Barbara Walters Opens Up Her Heart on “The View”

Veteran TV reporter and The View c0-host, Barbara Walters, made a surprise announcement today on The View.  The 80 year-old TV personality told viewers that she will be undergoing heart valve surgery later this week.

Walters said that she was to have heart valve replacement to repair a heart valve that had become  “tighter and smaller.”

She said that she has known about the condition for a while, but has kept it a secret, even from her co-hosts. Walters said that she was not having any symptoms, however her doctors and she decided that the timing was right to do the surgery now, as she could take the rest of the summer off.

There are four heart valves which help direct the flow of blood through the heart.

The mitral valve lies between the left atrium, which receives oxygenated blood from the lungs, and the left ventricle, which pumps this blood to the rest of the body.

The aortic valve lies between the muscular left ventricle (the side of the heart which pumps blood to the rest of the body) and the aorta (the body’s main artery out of the heart).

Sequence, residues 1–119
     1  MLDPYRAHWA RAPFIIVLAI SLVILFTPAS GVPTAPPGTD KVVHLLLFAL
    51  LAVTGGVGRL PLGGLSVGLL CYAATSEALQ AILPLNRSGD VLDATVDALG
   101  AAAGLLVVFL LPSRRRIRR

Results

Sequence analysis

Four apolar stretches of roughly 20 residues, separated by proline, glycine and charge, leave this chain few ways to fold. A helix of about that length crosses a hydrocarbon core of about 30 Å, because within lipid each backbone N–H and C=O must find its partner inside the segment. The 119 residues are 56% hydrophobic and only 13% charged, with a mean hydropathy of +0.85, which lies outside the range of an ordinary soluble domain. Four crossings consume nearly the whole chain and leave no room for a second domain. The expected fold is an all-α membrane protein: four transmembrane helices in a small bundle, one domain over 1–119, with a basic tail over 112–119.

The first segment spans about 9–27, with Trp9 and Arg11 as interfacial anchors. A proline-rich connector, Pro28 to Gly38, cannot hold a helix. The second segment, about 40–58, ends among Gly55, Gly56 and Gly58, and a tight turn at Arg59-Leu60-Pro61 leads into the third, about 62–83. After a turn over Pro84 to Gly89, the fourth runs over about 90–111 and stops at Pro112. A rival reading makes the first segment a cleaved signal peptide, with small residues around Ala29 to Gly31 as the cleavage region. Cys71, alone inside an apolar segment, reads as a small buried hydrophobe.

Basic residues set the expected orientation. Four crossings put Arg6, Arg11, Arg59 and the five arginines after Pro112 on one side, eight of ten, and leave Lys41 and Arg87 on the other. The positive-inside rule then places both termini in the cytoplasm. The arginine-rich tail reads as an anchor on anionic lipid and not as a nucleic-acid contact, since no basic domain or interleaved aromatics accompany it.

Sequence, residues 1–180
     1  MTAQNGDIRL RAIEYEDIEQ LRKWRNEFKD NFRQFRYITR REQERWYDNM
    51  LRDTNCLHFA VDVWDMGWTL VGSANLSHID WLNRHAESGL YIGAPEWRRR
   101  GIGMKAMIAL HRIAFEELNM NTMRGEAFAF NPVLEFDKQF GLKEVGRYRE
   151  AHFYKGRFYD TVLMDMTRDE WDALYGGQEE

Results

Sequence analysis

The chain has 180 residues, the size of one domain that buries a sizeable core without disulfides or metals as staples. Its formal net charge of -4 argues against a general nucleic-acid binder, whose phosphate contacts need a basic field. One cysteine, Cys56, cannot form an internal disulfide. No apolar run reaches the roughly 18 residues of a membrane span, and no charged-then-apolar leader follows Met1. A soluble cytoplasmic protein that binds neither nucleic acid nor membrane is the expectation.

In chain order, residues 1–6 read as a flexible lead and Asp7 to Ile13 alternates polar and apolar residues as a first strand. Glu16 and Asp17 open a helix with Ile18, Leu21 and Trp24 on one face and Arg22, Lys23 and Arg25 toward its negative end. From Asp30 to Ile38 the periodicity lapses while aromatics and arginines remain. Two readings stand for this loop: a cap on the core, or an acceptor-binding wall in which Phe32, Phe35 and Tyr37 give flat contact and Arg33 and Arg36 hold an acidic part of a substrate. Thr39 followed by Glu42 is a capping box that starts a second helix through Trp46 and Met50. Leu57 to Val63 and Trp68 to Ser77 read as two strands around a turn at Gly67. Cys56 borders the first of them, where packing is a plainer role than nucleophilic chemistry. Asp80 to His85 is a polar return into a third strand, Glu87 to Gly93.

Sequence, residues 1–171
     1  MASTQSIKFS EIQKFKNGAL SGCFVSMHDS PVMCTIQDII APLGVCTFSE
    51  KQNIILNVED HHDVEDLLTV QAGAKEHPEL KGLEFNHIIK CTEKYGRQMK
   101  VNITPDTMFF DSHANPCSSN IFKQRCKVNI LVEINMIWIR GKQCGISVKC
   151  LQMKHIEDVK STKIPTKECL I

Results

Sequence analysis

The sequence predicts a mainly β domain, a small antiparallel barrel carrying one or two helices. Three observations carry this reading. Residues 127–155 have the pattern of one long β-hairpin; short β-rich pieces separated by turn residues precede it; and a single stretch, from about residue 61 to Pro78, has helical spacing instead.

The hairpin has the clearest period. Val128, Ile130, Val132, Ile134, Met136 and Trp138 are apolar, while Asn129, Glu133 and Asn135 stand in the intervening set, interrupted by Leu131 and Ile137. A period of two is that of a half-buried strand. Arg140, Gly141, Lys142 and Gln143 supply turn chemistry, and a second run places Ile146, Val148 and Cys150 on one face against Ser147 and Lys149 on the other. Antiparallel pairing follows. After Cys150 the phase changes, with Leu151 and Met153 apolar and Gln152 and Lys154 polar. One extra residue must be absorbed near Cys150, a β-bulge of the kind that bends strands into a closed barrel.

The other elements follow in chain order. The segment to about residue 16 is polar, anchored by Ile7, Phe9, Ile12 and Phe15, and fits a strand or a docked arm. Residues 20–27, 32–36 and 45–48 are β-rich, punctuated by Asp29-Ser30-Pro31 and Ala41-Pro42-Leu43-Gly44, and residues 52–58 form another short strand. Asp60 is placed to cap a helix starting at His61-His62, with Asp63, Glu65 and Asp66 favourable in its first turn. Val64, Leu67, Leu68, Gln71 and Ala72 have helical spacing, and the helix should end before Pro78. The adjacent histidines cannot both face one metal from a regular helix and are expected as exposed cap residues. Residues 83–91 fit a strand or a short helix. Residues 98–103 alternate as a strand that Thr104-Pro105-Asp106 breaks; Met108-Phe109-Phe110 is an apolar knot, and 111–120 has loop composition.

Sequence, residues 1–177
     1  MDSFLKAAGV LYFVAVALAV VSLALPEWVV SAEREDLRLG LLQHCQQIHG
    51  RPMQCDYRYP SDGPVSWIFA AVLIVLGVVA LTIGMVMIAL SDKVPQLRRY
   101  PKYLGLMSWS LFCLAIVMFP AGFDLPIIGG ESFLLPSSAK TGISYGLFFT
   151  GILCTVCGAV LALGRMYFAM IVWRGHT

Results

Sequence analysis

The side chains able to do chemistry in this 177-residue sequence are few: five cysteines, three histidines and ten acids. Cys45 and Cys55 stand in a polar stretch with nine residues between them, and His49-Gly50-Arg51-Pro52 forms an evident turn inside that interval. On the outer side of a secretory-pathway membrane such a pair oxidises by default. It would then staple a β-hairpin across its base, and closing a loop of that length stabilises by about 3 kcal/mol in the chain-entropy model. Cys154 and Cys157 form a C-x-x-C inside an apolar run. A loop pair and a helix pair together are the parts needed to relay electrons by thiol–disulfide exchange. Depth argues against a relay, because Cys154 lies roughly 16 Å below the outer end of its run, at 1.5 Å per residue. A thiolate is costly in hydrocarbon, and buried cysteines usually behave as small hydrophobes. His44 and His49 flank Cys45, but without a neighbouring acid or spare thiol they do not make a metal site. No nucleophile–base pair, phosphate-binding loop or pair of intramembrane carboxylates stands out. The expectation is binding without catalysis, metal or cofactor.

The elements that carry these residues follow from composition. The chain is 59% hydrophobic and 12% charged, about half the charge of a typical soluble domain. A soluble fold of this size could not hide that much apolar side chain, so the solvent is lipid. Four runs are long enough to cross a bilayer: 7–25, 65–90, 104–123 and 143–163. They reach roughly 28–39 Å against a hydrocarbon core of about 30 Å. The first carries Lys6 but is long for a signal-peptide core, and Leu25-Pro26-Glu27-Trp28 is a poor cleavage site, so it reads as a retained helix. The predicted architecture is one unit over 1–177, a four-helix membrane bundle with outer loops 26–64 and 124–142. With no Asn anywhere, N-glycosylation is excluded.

The pulmonary and tricuspid valves are the valves of the right side of the heart.

The pulmonary valve lies between the right ventricle and the main blood vessel to the lungs, and the tricuspid valve directs blood flow from the right atrium to the right ventricle.

Valves may be either too tight (called stenosis) or too loose or floppy (regurgitation or insufficiency).

Either problem can cause abnormalities in the way the blood flows through the heart and, if severe enough, cause symptoms of shortness of breath, fatigue, congestive heart failure, stroke, or even sudden death.   An open heart operation is required to perform total valve replacement. In this case, the diseased valve is surgically removed and a new one (either a manufactured valve or a natural valve removed from pig) is put in its place.

Biologic replacement valve (left) and mechanical valve (right)







For more information:

Aortic valve disease
Heart Valve Disease
Mark Boguski, M.D., Ph.D. is on the faculty of Harvard Medical School and is a member of the Society for Participatory Medicine, "a movement in which networked patients shift from being mere passengers to responsible drivers of their health" and in which professional health care providers encourage "empowered patients" and value them as full partners in managing their health and wellness.


Leave a Reply

Your email address will not be published.

Real Time Analytics Google Analytics Alternative